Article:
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photo of humvee in transitjoin the discussion: What are your reactions to this report on the privatization of the war in Iraq?  Is  the U.S. military becoming too dependent on the use of extra-military forces?


In the midst of an interesting program on outsourcing in the US military, you have provided stark evidence of how little control the US military has over Baghdad. I cannot imagine how much useful work can be done when has to take the precautions that obviously have to be taken in the city. How anyone can suggest that the insurgency is "on its last legs" as Rumsfeld has done recently, defies logic.

Howard Billard
St. John's, Newfoundland


I,along with other ladies and families that are without their hubby's and daddy's,am very proud of my husband,serving in Iraq as a K.B.R.employee.

I strongly believe that those contractors are playing a very vital role for our military.Scary as it seems sometimes,he's there to serve,bottom line...and for that I have the utmost respect and commend them all....My prayers to all you wives holding down the fort, waiting for your loved ones to return.

Tami Eldridge
Sumner, Iowa

FRONTLINE's editors respond:

In the VIEW ONLINE section of this web site for "Private Warriors," Chapter Three offers the producers' commentary on covering KBR's story in the war effort.


I think the contracting of military services just makes it easier for our government to wage war, for whatever reason our government wishes. It's easier to send a for profit contractor to a war zone, to fight for more profit, than it is to get congressional approval to send in our military, to do the job.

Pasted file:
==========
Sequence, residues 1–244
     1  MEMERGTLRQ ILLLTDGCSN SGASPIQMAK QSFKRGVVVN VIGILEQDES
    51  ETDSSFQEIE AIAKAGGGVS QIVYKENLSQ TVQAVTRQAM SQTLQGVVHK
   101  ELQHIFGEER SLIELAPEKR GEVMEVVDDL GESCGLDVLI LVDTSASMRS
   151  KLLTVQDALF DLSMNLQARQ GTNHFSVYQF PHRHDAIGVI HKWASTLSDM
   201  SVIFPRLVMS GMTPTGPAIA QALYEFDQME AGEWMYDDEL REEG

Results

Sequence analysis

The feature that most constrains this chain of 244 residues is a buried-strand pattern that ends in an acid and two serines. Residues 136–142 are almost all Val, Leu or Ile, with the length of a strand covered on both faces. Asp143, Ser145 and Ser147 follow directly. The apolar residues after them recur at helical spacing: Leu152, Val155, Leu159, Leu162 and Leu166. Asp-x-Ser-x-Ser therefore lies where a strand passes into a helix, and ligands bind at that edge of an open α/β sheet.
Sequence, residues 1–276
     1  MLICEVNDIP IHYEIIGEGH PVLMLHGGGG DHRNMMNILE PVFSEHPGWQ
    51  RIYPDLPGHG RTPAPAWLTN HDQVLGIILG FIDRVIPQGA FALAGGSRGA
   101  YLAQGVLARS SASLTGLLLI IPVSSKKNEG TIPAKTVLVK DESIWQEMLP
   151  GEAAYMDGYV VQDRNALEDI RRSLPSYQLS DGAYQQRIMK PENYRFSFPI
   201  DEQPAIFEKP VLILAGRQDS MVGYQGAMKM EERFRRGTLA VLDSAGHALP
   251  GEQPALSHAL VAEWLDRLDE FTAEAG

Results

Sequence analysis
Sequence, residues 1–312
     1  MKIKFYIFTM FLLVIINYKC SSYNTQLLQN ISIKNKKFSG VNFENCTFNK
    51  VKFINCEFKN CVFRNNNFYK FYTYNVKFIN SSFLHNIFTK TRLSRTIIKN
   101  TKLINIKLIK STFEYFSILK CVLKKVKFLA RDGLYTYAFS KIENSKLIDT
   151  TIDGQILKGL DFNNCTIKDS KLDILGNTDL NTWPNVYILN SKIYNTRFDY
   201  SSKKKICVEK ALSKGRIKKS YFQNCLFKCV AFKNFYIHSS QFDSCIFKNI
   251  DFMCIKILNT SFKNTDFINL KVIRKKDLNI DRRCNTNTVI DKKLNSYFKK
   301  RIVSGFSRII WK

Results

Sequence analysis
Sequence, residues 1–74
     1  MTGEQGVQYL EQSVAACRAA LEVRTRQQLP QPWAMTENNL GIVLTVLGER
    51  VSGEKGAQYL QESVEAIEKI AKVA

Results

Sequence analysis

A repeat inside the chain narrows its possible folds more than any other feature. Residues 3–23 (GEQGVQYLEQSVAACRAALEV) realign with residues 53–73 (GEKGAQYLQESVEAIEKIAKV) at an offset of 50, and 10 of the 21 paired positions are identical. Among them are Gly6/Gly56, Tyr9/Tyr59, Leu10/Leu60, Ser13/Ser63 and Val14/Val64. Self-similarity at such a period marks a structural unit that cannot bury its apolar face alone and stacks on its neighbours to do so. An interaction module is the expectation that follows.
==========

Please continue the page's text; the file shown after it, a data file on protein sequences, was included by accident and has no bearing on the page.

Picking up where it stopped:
The most worrisome thing about this is the amount of money it costs taxpayers to subsidize the private sector worldwide. The Republican administration has created an enormous private beaurocracy that is unnacountable to the taxpayers and is bleeding us dry.It's no wonder we can't afford medicare and social security when we're paying billions to KBR and Halliburton for this fiasco.

Jeff Lasar
River Falls, Wisconsin


thanks for airing this program. after reading 'corporate warriors' aprox. a year ago, i have been watching headlines in an attempt to better understand the private-public split regarding our commitment in iraq.

while there is plenty of history to demonstarate the effectiveness and need for certain privatized military functions, i have been having a hard time rationalizing our current scale of privatizations. this program not only relays crucial information, but gives it a human face - much needed when speaking about war. further, you have evidenced your critical and indesposible position within my media spectrum. keep airing strong, critical journalism and i'll support you 'tooth and nail'. the military contractors' lack of transparency illustrated in this program must also be avoided here at home regarding our government's actions. it is programs like these and outlets like yours which secure freedom and democracy.

seth wiley
troy, ny


Thank you for taking the time to acknowledge the contractors. My husband is in Iraq because he wanted to help the troops, and he is. Our children and myself love him, miss him, and are very proud of him.

No, our military is not becoming too dependent on the contractors, without them, would there have been a draft? I feel it is much better to have contractors that were willing to go to the aide of our troops rather than having teens drafted as soon as they graduated high school. There was a need and the companies that are there filled that need with grown men and women who wanted to help.

Judy Rich
Denver City, Texas


martin smith, his co-producers, crew and editors have presented the best frontline program i've seen in a long, long time. it's incredibly refreshing to see a story that is politically provocative, humane, challenging and revealing. i am inspired and hope that more stories like this get made. it's great that something with teeth actually made it to air. great job, frontline - kudos to the filmmakers!

Keala Kelly


I have mixed reactions to your Frontline program Private Warriors.

In addition to the problems posed by private security contractors, your program alluded to the large scale of commercial involvement and investment in the war in Iraq.